Roy's Blog: October 2014

October 27, 2014

Too busy is the excuse for not doing the right thing

A supreme pet peeve of mine.

We finish our meal and would like our table cleared of the left-over rubbish and debris.

We wait and wait and wait…

Servers fly by, careful to avoid eye contact with us.

Their response when I finally asked for help: “I would have cleared your table earlier but I was too busy.”

This is a common problem. People today are “too busy” to do the right thing; captivated in their moment rather than focussing on what is right.

“Too busy” to keep a promise, meet that friend for lunch, take the extra time needed to care for a customer or to say thank you to someone who has done you a favour.

“Too busy” is the rationalization for avoiding what should be attended to. It also serves the thrill some people get from “activity-mania”; they love to chase stuff. They aren’t focussed.

But it’s the easy way out.

Whenever you hear yourself thinking or talking “too busy”, STOP!

Be ruled by The Right Thing not Busyness.

Cheers,
Roy

BE DiFFERENT or be dead Book Series

Other articles you might like…

5 keys to start-up success
Great leaders look for the pony
How to avoid the new-idea trap
Tips for business success
6 tips for bucking the small business failure rate

 

  • Posted 10.27.14 at 04:30 am by Roy Osing
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October 23, 2014

Is irrelevance at your doorstep? What we can learn from Yahoo

Successful organizations are effective at creating a continuous stream of value that is highly relevant to their customers. They are not one-hit wonders.

They reinvent themselves to accommodate the volatility of the markets; the unpredictability of forces that impact them.

Cease to be relevant and you’re invisible, unremarkable, boring and eventually dead.

Take Yahoo. A recent USA Today article, “Managing Hopelessness at Yahoo” nicely overviewed the challenge the organization faces.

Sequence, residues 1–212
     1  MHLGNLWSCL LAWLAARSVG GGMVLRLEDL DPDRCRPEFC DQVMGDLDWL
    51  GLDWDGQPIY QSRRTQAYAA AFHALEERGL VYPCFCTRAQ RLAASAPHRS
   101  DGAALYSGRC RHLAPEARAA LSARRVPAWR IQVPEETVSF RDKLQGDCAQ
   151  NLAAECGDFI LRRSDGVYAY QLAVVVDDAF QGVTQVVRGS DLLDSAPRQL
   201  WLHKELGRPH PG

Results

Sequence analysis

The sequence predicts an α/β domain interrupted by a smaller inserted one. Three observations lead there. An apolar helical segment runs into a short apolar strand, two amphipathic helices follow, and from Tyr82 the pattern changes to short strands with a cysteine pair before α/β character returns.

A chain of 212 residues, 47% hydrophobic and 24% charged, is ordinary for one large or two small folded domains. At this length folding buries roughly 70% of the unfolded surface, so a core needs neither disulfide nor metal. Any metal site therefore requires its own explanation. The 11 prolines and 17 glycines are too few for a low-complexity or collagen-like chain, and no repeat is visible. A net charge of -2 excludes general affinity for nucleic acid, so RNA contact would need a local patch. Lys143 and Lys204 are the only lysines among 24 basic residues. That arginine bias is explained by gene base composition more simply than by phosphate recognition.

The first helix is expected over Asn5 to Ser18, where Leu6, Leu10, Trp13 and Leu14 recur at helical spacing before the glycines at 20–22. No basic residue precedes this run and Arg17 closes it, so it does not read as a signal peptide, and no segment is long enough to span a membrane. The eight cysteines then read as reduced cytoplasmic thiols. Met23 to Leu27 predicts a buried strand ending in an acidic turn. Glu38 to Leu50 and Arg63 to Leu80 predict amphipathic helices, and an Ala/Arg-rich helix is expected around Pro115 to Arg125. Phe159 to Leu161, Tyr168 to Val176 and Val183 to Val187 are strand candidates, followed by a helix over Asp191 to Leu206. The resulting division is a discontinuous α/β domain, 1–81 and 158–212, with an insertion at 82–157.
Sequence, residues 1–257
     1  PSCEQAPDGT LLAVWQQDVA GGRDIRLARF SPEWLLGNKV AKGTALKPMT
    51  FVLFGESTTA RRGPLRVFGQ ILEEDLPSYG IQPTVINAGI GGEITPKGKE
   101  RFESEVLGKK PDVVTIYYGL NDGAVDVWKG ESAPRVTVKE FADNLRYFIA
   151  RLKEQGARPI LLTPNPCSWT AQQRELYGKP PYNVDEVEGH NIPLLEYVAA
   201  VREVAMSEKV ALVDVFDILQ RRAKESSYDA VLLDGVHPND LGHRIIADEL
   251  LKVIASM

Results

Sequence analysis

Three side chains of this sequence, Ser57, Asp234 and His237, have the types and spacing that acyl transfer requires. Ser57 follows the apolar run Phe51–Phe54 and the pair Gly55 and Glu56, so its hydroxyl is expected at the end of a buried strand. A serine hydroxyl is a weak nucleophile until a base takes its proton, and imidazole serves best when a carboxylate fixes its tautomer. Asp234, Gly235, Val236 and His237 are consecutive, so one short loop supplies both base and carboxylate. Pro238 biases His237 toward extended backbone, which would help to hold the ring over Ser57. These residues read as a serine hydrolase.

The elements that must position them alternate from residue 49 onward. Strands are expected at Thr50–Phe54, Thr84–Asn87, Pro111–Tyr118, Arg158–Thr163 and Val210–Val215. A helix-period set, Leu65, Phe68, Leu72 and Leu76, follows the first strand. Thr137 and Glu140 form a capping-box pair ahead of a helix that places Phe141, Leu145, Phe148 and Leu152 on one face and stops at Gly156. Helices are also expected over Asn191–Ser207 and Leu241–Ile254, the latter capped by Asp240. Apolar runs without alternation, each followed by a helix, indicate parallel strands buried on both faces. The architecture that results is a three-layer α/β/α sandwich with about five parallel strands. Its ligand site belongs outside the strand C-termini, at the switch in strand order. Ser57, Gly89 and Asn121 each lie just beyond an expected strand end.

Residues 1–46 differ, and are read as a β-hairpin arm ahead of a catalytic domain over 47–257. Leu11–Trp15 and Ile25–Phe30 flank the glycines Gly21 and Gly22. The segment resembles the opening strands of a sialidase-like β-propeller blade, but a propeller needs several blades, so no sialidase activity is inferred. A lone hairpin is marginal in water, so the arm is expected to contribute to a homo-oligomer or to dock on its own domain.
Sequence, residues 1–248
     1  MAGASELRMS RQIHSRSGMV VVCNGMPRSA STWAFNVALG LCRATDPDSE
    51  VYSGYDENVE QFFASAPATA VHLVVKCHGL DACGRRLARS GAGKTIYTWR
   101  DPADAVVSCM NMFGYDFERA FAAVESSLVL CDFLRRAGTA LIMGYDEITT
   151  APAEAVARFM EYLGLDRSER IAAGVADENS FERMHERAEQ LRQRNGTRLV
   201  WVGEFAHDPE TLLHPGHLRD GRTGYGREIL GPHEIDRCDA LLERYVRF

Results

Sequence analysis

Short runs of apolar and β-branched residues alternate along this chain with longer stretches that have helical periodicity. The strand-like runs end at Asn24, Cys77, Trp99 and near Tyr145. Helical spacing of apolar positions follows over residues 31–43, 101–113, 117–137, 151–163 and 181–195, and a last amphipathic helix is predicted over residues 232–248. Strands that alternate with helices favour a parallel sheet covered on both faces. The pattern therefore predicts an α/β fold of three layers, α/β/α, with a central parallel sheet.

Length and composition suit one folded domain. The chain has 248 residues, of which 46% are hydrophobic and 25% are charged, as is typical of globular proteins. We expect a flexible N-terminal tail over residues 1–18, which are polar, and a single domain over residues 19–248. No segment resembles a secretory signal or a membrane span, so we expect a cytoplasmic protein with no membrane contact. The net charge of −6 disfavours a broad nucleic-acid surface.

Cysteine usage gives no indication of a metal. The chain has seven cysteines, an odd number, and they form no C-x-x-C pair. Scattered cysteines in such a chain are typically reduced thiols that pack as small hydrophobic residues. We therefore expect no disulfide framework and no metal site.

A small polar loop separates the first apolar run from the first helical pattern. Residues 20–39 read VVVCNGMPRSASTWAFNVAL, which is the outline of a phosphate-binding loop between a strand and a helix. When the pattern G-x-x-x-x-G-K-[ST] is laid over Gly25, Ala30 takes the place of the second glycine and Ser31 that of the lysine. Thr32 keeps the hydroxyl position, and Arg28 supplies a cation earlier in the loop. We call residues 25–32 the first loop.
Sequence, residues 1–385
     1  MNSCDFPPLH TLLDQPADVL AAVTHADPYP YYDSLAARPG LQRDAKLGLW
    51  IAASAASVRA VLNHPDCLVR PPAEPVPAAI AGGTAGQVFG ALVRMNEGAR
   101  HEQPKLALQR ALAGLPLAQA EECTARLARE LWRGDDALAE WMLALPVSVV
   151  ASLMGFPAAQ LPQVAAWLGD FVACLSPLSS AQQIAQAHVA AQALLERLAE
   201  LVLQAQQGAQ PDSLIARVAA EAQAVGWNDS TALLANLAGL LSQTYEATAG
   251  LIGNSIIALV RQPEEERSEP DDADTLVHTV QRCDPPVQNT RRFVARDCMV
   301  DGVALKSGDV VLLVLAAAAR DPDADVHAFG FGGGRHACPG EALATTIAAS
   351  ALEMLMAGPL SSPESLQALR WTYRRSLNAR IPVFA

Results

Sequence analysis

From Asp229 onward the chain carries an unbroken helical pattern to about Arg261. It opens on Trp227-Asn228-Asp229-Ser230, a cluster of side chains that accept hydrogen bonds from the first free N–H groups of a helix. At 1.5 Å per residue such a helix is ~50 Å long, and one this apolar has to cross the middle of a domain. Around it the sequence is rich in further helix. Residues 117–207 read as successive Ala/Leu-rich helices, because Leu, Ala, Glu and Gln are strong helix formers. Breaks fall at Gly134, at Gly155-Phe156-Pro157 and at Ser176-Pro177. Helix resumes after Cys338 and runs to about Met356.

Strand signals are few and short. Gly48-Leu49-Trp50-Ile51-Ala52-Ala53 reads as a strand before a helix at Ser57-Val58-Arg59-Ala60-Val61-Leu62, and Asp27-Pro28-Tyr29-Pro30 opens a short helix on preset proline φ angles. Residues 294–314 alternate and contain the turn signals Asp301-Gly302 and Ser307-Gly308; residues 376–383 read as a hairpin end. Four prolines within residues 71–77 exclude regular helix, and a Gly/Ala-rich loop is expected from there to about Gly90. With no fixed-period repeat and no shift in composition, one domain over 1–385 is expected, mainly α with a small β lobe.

As of late Yahoo’s value has been driven by a single investment in the Chinese e-commerce company Alibaba. Yahoo now has $8 Billion in the bank after taking Alibaba public.

Now what?

With an incredible opportunity in front of them, the CEO seems incapable of communicating how the company will leverage the windfall to create ongoing value for their customers.

How they intend to be unique among their competition.

It doesn’t appear they have a strategic game plan to guide them.

No guide for investing to create value.

At least not one that I can see.

They may be on the slippery slope to irrelevance like many before them.

Road kill offers a lesson.

Be an active observer and don’t let the same thing happen to you.

Cheers,
Roy

BE DiFFERENT or be dead Book Series

Other articles you might like…

How to avoid the new-idea trap
Tips for business success
6 tips for bucking the small business failure rate
8 actions marketing leaders can take to stand out

 

 

  • Posted 10.23.14 at 01:35 am by Roy Osing
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October 20, 2014

A business isn’t human

How can it be?

A business is a pluralistic “society” with a very specific end game: deliver what is produced; what is manufactured; what is available for distribution and make money.